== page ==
I installed syslog-ng to use on my desktop (Gentoo 64bit, upgraded to systemd i.e. was OpenRC before, with Openbox and Slim only) with my normal user to log all commands I type in the shell (bash first, then eventually zsh). I've explored different solutions, and different ways of setting this up, old and new and often this is achieved using the .bash_history file. I'm trying to implement this solution from a few years ago, with reliance on the companion trap. First I've modified .bashrc and set some history variables because the solution relies on formatting the history data, then making sure it is saved to its file, then pushing it to the log messaging system with logger in a function called in the shell environment. So first the variables:

export HISTFILE=$HOME/.bash_history
export HISTFILESIZE=2000
export HISTSIZE=1000
export HISTTIMEFORMAT="%a %b %Y %T %z "

typeset -r HISTCONTROL
typeset -r HISTFILE
typeset -r HISTIGNORE
typeset -r HISTSIZE

shopt -s cmdhist
shopt -s histappend

PROMPT_COMMAND="history -a"

ex. history command output with timestamps
860  Tue Jan 2014 10:33:50 -0900 exit
861  Tue Jan 2014 10:33:56 -0900 ls
862  Tue Jan 2014 10:33:58 -0900 history

Then, as explained in the linked article, you must add this trap which uses logger in .bashrc (there is reference to /etc/profile, but here I want this for my regular user only and ~/.profile is not sourced by something like lxterminal):

function log2syslog
   declare command
   command=$(fc -ln -0)
   logger -p local1.notice -t bash -i -- $USER : $command
trap log2syslog DEBUG

A single long hyphen was (mistakenly?) used in the original doc, followed by a space and $USER.

I've replaced my original syslog-ng configuration file. I've tried the suggested config from Arch, but after some warnings, I've configured it like so explained for Gentoo which is what the Arch doc is based on anyway:

@version: 3.4
options {

        # The default action of syslog-ng is to log a STATS line
        # to the file every 10 minutes.  That's pretty ugly after a while.
        # Change it to every 12 hours so you get a nice daily update of
        # how many messages syslog-ng missed (0).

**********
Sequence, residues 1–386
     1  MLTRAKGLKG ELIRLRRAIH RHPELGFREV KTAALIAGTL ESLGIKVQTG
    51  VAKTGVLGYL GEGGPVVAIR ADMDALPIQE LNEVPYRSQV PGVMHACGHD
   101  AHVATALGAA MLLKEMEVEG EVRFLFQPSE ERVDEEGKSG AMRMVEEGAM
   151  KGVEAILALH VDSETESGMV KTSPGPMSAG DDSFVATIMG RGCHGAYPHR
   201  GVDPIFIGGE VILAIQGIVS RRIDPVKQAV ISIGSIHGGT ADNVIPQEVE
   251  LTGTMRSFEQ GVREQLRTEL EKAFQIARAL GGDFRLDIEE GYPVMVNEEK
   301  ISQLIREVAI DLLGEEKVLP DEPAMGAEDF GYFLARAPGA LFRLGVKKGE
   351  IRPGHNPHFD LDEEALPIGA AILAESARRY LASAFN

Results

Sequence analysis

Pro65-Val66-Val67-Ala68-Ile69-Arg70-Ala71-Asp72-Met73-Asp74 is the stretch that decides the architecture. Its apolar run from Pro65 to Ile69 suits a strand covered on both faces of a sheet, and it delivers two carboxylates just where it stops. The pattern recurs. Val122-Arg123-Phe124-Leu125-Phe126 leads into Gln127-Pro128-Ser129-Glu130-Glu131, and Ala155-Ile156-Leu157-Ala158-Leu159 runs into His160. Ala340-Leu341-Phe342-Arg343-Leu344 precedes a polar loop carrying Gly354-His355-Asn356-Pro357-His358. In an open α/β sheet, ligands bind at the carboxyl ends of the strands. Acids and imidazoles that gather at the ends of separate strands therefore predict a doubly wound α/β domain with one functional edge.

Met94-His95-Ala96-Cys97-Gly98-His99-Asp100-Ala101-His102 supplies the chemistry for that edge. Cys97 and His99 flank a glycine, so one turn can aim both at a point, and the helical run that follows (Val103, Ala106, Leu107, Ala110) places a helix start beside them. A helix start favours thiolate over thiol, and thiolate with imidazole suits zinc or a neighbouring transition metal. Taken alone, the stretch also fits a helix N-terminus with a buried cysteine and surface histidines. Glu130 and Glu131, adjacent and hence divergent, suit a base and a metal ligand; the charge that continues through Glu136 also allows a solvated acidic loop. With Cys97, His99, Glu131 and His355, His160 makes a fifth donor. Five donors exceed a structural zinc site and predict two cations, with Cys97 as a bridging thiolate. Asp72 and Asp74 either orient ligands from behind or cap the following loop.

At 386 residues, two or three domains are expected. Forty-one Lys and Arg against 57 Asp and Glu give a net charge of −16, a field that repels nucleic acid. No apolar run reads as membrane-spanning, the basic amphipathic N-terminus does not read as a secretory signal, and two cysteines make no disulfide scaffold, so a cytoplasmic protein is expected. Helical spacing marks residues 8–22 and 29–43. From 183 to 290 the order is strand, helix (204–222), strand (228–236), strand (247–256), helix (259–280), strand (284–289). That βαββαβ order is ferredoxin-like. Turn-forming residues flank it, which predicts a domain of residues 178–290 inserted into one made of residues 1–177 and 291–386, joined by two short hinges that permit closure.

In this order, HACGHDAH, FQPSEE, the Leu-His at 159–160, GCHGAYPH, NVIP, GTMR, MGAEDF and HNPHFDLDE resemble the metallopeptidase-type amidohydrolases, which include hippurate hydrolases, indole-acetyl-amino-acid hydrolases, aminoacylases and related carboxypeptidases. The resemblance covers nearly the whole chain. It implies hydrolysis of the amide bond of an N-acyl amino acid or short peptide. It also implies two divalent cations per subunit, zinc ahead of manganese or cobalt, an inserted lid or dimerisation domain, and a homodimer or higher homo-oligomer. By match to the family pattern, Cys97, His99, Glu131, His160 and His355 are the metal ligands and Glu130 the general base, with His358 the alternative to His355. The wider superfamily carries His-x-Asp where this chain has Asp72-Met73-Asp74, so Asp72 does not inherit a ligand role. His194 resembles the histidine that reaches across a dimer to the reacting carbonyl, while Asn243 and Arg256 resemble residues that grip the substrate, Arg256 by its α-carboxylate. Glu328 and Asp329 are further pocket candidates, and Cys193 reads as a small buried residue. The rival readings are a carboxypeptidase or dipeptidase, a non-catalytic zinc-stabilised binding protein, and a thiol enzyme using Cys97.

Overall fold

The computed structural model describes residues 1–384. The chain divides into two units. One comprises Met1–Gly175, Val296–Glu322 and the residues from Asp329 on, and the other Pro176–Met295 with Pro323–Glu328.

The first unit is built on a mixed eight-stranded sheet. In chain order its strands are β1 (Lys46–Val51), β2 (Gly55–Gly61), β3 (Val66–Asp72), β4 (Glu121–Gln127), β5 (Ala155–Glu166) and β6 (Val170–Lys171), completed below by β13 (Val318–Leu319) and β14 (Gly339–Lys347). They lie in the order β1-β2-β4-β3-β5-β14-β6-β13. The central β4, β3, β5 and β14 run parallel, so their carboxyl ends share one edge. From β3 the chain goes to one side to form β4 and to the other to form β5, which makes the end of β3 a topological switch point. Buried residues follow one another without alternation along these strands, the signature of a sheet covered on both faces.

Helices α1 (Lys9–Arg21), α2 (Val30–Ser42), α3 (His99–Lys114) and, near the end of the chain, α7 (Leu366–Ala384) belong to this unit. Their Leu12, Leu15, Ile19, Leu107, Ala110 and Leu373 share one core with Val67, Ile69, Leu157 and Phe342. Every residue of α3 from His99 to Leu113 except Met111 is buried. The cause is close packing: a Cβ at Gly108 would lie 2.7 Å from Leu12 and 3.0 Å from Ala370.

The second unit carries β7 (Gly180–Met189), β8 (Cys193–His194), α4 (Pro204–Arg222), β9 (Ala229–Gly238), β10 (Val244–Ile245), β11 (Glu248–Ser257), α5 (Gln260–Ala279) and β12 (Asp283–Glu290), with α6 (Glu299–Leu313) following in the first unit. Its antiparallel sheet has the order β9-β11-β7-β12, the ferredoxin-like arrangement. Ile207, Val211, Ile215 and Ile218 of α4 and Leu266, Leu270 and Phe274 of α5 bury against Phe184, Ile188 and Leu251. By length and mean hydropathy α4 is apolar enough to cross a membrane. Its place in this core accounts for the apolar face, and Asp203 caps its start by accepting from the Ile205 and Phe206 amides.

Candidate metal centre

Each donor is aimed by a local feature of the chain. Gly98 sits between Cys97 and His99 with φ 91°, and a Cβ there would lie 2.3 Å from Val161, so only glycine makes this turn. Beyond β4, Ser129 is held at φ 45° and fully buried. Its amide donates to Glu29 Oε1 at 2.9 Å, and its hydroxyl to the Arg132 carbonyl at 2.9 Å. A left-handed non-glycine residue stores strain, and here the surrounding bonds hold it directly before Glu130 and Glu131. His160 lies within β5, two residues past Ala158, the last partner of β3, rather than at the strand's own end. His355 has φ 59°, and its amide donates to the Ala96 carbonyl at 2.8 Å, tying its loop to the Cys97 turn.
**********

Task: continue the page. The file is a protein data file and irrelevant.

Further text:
source src {
    unix-dgram("/dev/log" max-connections(256));

source kernsrc { file("/proc/kmsg"); };

# define destinations
destination authlog { file("/var/log/auth.log"); };
destination syslog { file("/var/log/syslog"); };
destination cron { file("/var/log/cron.log"); };
destination daemon { file("/var/log/daemon.log"); };
destination kern { file("/var/log/kern.log"); };
destination lpr { file("/var/log/lpr.log"); };
destination user { file("/var/log/user.log"); };
destination mail { file("/var/log/mail.log"); };

destination mailinfo { file("/var/log/mail.info"); };
destination mailwarn { file("/var/log/mail.warn"); };
destination mailerr { file("/var/log/mail.err"); };

destination newscrit { file("/var/log/news/news.crit"); };
destination newserr { file("/var/log/news/news.err"); };
destination newsnotice { file("/var/log/news/news.notice"); };

destination debug { file("/var/log/debug"); };
destination messages { file("/var/log/messages"); };
destination console { usertty("root"); };

# By default messages are logged to tty12...
destination console_all { file("/dev/tty12"); };

# ...if you intend to use /dev/console for programs like xconsole
# you can comment out the destination line above that references /dev/tty12
# and uncomment the line below.
#destination console_all { file("/dev/console"); };

# create filters
filter f_authpriv { facility(auth, authpriv); };
filter f_syslog { not facility(authpriv, mail); };
filter f_cron { facility(cron); };
filter f_daemon { facility(daemon); };
filter f_kern { facility(kern); };
filter f_lpr { facility(lpr); };
filter f_mail { facility(mail); };
filter f_user { facility(user); };
filter f_debug { not facility(auth, authpriv, news, mail); };
filter f_messages { level(info..warn)
        and not facility(auth, authpriv, mail, news); };
filter f_emergency { level(emerg); };

filter f_info { level(info); };
filter f_notice { level(notice); };
filter f_warn { level(warn); };
filter f_crit { level(crit); };
filter f_err { level(err); };
filter f_failed { message("failed"); };
filter f_denied { message("denied"); };

# connect filter and destination
log { source(src); filter(f_authpriv); destination(authlog); };
log { source(src); filter(f_syslog); destination(syslog); };
log { source(src); filter(f_cron); destination(cron); };
log { source(src); filter(f_daemon); destination(daemon); };
log { source(kernsrc); filter(f_kern); destination(kern); };
log { source(src); filter(f_lpr); destination(lpr); };
log { source(src); filter(f_mail); destination(mail); };
log { source(src); filter(f_user); destination(user); };